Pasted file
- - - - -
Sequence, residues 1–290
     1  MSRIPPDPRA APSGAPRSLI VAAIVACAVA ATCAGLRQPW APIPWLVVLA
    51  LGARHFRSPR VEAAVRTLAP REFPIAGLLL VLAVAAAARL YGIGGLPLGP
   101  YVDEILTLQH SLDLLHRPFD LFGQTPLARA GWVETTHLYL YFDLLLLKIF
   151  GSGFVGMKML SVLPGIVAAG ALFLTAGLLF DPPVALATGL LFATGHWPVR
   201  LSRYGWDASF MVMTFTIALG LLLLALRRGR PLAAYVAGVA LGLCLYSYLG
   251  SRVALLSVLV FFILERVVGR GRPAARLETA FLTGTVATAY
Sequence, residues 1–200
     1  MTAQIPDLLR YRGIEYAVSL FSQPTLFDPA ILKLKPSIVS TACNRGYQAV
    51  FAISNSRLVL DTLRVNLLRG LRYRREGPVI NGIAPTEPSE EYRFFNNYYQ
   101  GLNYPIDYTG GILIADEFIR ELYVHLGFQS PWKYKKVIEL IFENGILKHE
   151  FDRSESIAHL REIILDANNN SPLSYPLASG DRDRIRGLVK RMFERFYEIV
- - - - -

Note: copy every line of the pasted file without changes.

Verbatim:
Sequence, residues 1–290
     1  MSRIPPDPRA APSGAPRSLI VAAIVACAVA ATCAGLRQPW APIPWLVVLA
    51  LGARHFRSPR VEAAVRTLAP REFPIAGLLL VLAVAAAARL YGIGGLPLGP
   101  YVDEILTLQH SLDLLHRPFD LFGQTPLARA GWVETTHLYL YFDLLLLKIF
   151  GSGFVGMKML SVLPGIVAAG ALFLTAGLLF DPPVALATGL LFATGHWPVR
   201  LSRYGWDASF MVMTFTIALG LLLLALRRGR PLAAYVAGVA LGLCLYSYLG
   251  SRVALLSVLV FFILERVVGR GRPAARLETA FLTGTVATAY
Sequence, residues 1–200
     1  MTAQIPDLLR YRGIEYAVSL FSQPTLFDPA ILKLKPSIVS TACNRGYQAV
    51  FAISNSRLVL DTLRVNLLRG LRYRREGPVI NGIAPTEPSE EYRFFNNYYQ
   101  GLNYPIDYTG GILIADEFIR ELYVHLGFQS PWKYKKVIEL IFENGILKHE
   151  FDRSESIAHL REIILDANNN SPLSYPLASG DRDRIRGLVK RMFERFYEIV